Grazing is a cost-effective vegetation management alternative where other options are ineffective, and targeted grazing can be more cost effective on landscapes that are too steep, rocky or remote for conventional vegetation management (mowing or chemical treatment), or in the urban-wildland interface where burning is not an option. Targeted grazing, a concept that has been around for decades and is sometimes called prescribed grazing and managed herbivory, is the application of a specific kind of livestock at a determined season, duration, and intensity to accomplish defined vegetation or landscape goals. Learn how to implement a grazing program on your own to manage lands, or, if you decide not to own animals, how to use this knowledge when hiring a targeted grazer.  Location: on farm, TBD

Bio:
Stephanie Larson is Director of University of California Cooperative Extension (UCCE), Sonoma County, and the Livestock and Range Management Advisor, conducting education and research to integrate livestock production with rangeland management and helping local producers to improve production and marketing. Her program seeks to enhance the ecosystem services provided by working landscapes, and highlights the benefits of using grazing animals as tools to manage them. Stephanie’s research focuses on the effects of climate change, and the results have assisted land managers to make sound ecologic decisions to manage working landscapes, to the benefit of all users. She is also on the Board of Director for the Redwood Empire Food Bank (REFB) and co-founded its  Range-to-Table program where local beef producers donate beef to the Food Bank to provide local protein to those in need.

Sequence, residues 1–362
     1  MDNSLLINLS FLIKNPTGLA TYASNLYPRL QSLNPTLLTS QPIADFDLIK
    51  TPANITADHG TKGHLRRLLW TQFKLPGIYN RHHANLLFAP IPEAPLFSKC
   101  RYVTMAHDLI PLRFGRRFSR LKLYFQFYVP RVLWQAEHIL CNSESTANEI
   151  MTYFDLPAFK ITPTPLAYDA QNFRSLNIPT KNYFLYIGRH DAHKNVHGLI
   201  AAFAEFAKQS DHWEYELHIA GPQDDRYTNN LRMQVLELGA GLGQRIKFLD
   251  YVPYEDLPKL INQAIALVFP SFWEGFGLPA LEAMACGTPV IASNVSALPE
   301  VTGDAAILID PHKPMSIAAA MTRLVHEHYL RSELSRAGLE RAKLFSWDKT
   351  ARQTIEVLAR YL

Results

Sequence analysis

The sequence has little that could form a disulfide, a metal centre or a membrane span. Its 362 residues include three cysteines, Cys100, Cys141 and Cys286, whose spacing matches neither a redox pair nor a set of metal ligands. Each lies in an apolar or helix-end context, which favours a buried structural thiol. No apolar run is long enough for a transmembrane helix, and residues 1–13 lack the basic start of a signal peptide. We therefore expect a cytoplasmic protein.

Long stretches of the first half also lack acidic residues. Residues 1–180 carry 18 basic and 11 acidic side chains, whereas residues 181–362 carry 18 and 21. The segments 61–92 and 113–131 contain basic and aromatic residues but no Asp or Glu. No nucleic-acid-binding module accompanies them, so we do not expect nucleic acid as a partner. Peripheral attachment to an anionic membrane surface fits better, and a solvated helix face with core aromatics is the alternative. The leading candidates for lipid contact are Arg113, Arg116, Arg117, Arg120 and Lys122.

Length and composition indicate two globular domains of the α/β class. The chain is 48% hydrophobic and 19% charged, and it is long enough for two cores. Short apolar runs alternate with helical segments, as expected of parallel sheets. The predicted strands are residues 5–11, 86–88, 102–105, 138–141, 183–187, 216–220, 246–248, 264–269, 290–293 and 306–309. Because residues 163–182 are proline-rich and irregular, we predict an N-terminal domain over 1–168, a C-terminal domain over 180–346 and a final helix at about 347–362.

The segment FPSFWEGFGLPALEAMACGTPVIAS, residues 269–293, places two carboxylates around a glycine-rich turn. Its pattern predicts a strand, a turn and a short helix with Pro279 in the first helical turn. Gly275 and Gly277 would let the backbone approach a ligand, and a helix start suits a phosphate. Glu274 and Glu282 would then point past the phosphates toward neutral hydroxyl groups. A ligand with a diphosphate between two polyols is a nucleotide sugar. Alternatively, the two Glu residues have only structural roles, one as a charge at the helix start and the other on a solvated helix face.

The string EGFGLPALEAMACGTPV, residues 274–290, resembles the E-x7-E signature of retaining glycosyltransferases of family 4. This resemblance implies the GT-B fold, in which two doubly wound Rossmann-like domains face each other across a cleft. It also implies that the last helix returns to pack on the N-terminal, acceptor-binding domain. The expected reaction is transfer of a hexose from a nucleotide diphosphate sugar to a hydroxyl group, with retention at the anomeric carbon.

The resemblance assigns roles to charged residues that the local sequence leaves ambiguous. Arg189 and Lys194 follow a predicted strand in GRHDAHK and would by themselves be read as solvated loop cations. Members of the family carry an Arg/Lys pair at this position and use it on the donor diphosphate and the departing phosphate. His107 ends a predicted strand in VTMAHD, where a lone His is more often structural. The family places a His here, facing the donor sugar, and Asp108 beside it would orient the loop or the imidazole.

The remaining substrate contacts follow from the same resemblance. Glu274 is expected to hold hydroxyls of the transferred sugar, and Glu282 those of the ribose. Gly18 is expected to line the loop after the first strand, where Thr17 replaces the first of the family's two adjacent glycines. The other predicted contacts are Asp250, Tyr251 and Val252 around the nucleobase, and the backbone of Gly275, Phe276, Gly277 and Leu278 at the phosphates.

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1:00-5:00 PM
Natural Wool Dyeing Clinic
Brooke Sinnes, Sincere Sheep

Looking for an alternative to synthetic dyes? Learn how to use natural materials. A mordant, or dye fixative, is a substance that is used for dyeing fabrics or intensifying stains. Mordanting will be covered and dyeing with raw dyestuffs and extracts. Learn about other materials and techniques to further enhance your colors. Fiber selection and prep as well as how to maximize your efforts for deep rich colors will be covered. Cotati Room, 216 East School Street, Cotati, CA  94931
*Includes materials fee; each student will receive 6 one-ounce skeins of Cormo wool yarn and handouts.

Bio: